Gary Stead will continue as Black Caps head coach until the conclusion of the 2023 Cricket World Cup.
Stead's contract was set to expire after this year's Twenty20 World Cup, but with the event postponed and the Black Caps not having played since March, his extension became a formality, signing on for a further three years as head coach in all three formats.
His tenure has seen the Black Caps largely build on the gains made under Mike Hesson, with a one-day World Cup final appearance and test series victories over Pakistan, England and India, which has seen the team rise to No 2 in the world test rankings.
While sport's usual slim margins have had an impact on how Stead is perceived - ponder for a moment how he and his team would have been viewed had Carlos Braithwaite hit the ball five metres further at the World Cup – the former New Zealand batsman has done enough, especially with this summer's dominant test victories over India, for the extension to be an easy decision for New Zealand Cricket.
"It's a real honour and a privilege for me to continue to be involved," said Stead.
"I didn't have to think for too long. I've still got a lot of energy for it and feel I can still continue to offer something to the team.
"The unknown is still there [with Covid-19], but the certain thing for me was I really wanted to keep working with these guys – it's a really enjoyable job and I just hope I can add my small part to the [success] of this team."
The lowlight of Stead's tenure so far was the test tour of Australia, which saw the Black Caps suffer three consecutive thrashings, while a mixture of poor execution and bad luck led to several close Twenty20 defeats to England and India.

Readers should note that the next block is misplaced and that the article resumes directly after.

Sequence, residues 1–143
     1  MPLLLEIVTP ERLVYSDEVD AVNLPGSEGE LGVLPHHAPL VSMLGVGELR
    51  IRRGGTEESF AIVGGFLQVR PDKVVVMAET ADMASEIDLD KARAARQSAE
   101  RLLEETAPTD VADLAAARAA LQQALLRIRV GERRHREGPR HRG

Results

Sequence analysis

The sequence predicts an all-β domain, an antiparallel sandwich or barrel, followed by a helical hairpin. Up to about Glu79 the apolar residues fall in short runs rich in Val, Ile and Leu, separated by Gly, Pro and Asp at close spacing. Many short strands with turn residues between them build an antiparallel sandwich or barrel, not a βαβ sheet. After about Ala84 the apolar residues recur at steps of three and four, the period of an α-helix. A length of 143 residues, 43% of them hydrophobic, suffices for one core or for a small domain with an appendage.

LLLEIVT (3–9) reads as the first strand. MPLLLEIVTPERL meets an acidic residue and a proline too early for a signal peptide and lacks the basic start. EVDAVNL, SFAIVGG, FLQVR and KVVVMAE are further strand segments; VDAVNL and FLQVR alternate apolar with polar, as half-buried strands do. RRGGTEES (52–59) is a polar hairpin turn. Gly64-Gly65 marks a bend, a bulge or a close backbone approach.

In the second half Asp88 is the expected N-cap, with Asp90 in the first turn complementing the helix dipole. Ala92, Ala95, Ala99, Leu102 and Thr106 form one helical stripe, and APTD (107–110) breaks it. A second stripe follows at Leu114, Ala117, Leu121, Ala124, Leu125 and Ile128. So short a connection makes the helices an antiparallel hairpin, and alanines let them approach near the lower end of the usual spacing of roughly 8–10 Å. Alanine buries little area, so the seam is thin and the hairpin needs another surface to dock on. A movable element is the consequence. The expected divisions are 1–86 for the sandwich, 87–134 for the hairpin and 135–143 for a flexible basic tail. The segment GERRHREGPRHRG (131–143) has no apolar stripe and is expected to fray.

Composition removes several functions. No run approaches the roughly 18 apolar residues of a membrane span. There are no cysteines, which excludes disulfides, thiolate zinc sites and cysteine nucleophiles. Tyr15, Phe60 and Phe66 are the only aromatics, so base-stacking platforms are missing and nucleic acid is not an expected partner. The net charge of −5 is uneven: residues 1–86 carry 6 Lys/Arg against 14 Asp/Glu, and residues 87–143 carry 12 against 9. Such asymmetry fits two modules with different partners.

He believes those close defeats are the immediate areas where the team can improve.
"The gains that you make at this level are only ever miniscule – we're looking at one percenters to make sure we can get over the line in those tough situations.
"We're very close and we certainly can find areas that we can improve in."
While Stead had to undergo an interview process to secure the job for the next three years, NZ Cricket chief executive David White says it was merely a formality to ensure as much feedback as possible.
"We were looking at no-one else. The feedback from the team, the management and our support staff was outstanding and very supportive of Gary."
NZ Cricket will now hunt for a batting coach to replace the departed Peter Fulton, with White confirming that a global search will begin next week, while specialist coaches will remain an option to provide support to individual series or tours.